Can’t drive, won’t drive

Cars and vans have become essential to modern life, forming a vital cog in the economy and giving us the freedom to travel.   

In the 1950s, there were four million licensed vehicles on the road – a number that exploded with the introduction of motorways later that same decade. 

Today, there are an estimated 33.6 million drivers in the UK, with 16.7 million people either driving themselves to work or catching a lift, according to the latest National Travel Survey.

Indeed, the ability to drive, a clean license and access to a car can be make or break when it comes to job-hunting. 

The government’s Find a Job database found that of the 182,062 vacancies on offer in September 2018, one in five (19 per cent) stated that having a car or licence was a prerequisite.

The professions that require the ability to drive are as diverse as the applicants applying. From carer, cleaner and chef to sales consultant, security guard and safety engineer, non-drivers need not apply.

Driving has become synonymous with the transition to adulthood and has become ingrained in our culture, with MPGs, emissions, the latest models and electrification always hot topics of conversations. 

So much of our daily lives are reliant on driving – from commuting and business trips to simply getting from A to B.  But what happens if just the thought of getting behind the wheel makes you break out in a cold sweat? 

A road to nowhere

Vehophobia, the fear of driving, is one of the 10 most common phobias, according to Anxiety UK.

So, what drives a person to put themselves through the pain and price of public transport?

For some people it’s clear why they don’t ever want to get behind a wheel. A traumatic car accident or having experienced a particularly dangerous journey is most often the trigger. A scary encounter with road rage or witnessing a bad accident can cause the brain to develop panic or anxiety responses each time a person gets behind the wheel forcing them to abandon ship. Or car. Seeing anxious parents panic while driving can also lead a child to have vehophobia in later life.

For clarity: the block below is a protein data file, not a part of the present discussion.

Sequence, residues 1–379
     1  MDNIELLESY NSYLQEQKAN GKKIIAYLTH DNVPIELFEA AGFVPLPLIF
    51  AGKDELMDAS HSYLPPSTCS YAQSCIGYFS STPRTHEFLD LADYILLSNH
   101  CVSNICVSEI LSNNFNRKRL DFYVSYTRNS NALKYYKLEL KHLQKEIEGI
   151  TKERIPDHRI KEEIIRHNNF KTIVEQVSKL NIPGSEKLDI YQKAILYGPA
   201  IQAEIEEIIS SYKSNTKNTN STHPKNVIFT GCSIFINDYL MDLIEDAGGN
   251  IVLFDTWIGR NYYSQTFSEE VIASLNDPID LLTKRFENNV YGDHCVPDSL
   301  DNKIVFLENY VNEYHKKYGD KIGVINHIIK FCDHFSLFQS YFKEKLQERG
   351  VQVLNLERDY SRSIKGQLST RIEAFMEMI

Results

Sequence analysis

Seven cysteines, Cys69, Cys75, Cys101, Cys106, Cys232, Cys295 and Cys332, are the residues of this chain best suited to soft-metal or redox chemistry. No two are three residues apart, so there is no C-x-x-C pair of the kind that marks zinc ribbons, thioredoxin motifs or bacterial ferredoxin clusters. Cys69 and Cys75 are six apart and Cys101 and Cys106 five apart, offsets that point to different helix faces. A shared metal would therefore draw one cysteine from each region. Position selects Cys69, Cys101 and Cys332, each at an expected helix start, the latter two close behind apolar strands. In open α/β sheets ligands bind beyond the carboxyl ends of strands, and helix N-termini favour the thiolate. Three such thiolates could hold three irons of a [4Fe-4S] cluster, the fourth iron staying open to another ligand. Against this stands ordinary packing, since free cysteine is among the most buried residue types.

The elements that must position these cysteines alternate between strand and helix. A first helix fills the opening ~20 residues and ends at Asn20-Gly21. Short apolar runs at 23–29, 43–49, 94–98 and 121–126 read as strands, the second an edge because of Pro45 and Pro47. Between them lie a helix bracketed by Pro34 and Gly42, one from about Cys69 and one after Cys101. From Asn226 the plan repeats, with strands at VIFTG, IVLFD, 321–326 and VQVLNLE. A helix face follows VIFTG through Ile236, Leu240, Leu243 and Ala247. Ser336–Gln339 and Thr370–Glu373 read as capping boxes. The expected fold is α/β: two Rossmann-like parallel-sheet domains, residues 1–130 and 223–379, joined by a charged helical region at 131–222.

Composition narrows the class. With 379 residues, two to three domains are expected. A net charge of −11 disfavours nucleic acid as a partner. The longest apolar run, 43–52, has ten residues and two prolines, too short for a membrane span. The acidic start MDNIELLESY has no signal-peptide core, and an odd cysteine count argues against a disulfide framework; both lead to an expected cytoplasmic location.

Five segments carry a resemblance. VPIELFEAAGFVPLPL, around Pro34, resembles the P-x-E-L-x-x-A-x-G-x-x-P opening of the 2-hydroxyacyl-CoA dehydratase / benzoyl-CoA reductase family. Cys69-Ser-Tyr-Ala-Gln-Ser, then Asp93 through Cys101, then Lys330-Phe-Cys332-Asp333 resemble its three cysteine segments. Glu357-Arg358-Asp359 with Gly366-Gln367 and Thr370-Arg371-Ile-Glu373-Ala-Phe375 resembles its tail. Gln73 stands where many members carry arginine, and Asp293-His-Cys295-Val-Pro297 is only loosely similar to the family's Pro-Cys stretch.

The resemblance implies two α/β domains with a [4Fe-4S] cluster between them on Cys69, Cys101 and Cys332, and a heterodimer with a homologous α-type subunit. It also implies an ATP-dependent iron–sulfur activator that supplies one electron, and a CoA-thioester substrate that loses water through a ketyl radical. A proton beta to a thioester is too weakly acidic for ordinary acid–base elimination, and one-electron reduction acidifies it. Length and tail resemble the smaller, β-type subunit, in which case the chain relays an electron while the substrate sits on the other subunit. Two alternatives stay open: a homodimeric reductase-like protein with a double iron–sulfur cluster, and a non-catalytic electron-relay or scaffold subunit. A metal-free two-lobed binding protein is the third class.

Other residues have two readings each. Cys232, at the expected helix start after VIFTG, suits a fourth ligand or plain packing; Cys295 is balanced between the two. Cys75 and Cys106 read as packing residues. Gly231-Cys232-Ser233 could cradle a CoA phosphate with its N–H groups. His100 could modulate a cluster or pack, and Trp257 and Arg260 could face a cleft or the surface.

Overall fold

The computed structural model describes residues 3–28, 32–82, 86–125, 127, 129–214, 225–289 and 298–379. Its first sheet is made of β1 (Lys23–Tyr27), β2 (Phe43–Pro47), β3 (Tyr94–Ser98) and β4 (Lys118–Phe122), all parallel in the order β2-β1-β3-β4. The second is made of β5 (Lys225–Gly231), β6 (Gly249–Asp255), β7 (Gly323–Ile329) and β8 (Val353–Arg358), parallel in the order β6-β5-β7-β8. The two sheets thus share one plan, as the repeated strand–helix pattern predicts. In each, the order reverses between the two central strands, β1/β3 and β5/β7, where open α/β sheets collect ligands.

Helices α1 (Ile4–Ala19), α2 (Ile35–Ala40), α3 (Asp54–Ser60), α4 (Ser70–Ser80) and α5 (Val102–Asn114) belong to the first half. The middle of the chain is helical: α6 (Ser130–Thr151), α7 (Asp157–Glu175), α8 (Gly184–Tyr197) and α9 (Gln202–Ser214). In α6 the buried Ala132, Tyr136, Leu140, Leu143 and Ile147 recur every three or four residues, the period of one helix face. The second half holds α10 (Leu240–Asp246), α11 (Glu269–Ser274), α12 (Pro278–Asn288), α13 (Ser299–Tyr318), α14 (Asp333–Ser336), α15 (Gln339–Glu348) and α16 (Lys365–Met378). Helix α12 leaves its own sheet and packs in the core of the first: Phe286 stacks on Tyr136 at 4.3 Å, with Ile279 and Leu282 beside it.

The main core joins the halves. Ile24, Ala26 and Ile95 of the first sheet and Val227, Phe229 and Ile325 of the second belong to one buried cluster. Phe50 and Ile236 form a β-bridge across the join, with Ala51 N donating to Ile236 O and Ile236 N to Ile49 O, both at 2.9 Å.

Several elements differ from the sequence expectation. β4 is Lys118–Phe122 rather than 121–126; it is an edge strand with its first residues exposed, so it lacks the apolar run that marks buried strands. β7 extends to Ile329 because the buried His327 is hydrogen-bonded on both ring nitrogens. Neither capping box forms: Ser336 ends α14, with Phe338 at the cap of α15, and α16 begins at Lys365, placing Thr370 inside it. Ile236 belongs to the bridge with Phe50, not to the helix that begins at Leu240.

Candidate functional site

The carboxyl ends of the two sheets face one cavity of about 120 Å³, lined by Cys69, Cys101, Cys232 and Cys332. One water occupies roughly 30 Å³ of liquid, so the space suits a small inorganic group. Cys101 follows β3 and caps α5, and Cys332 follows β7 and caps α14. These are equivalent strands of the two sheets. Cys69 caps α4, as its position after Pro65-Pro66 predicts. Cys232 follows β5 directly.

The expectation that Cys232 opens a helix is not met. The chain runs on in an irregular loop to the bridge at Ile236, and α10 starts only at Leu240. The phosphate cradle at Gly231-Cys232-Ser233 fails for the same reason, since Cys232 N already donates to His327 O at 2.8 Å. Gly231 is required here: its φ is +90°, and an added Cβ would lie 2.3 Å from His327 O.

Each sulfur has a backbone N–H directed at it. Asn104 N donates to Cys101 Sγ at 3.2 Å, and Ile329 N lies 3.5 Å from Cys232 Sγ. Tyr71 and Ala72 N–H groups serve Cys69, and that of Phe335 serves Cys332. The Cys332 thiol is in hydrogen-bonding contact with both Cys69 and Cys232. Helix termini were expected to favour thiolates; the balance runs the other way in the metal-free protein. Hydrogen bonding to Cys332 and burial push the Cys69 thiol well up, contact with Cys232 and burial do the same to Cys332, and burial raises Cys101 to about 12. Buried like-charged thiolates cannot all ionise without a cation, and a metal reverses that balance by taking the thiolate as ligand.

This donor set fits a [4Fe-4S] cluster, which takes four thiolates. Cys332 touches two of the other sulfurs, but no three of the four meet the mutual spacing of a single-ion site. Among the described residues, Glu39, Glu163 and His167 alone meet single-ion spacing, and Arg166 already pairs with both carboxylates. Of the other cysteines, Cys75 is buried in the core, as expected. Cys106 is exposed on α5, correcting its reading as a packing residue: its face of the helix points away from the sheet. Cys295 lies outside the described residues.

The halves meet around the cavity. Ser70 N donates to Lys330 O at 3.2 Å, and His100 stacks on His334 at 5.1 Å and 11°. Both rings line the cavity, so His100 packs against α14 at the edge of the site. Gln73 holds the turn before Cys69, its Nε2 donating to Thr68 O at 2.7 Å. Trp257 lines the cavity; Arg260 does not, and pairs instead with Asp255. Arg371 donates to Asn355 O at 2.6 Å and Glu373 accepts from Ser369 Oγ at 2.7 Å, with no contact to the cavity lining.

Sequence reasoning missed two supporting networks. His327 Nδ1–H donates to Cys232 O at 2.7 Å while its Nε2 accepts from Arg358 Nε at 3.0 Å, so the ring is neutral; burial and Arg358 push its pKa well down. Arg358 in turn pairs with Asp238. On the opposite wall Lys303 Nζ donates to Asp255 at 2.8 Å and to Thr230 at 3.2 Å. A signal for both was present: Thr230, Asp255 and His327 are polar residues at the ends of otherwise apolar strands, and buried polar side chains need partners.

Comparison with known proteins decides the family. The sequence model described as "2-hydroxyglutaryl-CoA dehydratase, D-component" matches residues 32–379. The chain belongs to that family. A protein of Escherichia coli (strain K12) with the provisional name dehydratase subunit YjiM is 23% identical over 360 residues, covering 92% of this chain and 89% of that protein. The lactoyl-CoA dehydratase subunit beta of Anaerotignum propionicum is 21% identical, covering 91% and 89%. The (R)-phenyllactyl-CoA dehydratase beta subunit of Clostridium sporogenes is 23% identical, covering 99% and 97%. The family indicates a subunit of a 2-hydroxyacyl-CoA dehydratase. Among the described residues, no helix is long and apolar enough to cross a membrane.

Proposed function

For others it’s more complex, forcing them to hide behind the myth that they are going greener or getting fitter.

A life event, such as pregnancy, can release unfathomable emotions leading women to subconsciously let their partners become their unpaid chauffeur while they embrace the desire to protect their unborn child. At the other end of the life-scale, grief can also lead to a fear of driving – instilled by a fear of one’s own mortality.

The physical symptoms of vehophobia include shaking, trembling, a dry mouth, rapid heart rate, shallow breathing, chest pains, nausea and sweaty hands. This type of reaction can occur each time the individual tries to get behind the wheel. Or worse still, mid journey, causing them to freeze and unable to change gears or apply the brakes.

Drive away your car phobia

Whatever the trigger or symptom, vehophobia can be debilitating. But there is hope.

Experts and sufferers have found some tricks and tips can help with managing the phobia and its symptoms.

They recommend sufferers try the following five simple measures, which may help on the road to recovery:

  1. Slowly does it. As a starting point, try sitting in the car while it’s stationary. Slowly build up to driving around the block or up and down a familiar road and then drive a little further each day to build confidence.
  2. Minimise stress. Avoid driving in rush hour and always use a satnav during unfamiliar journeys.
  3. Calming music. Music has a unique link to our emotions and wellbeing so try listening to classical music to keep your nerves at bay.
  4. A reassuring passenger. Driving with someone who has a naturally calm and composed demeanour telling you that you are doing well can be a great help.
  5. Seek professional help. Beta-blockers and sedatives or alternative therapies including Cognitive Behavioural Therapy (CBT), prolonged exposure therapy (PE) or hypnosis have been known to be prescribed to sufferers. 

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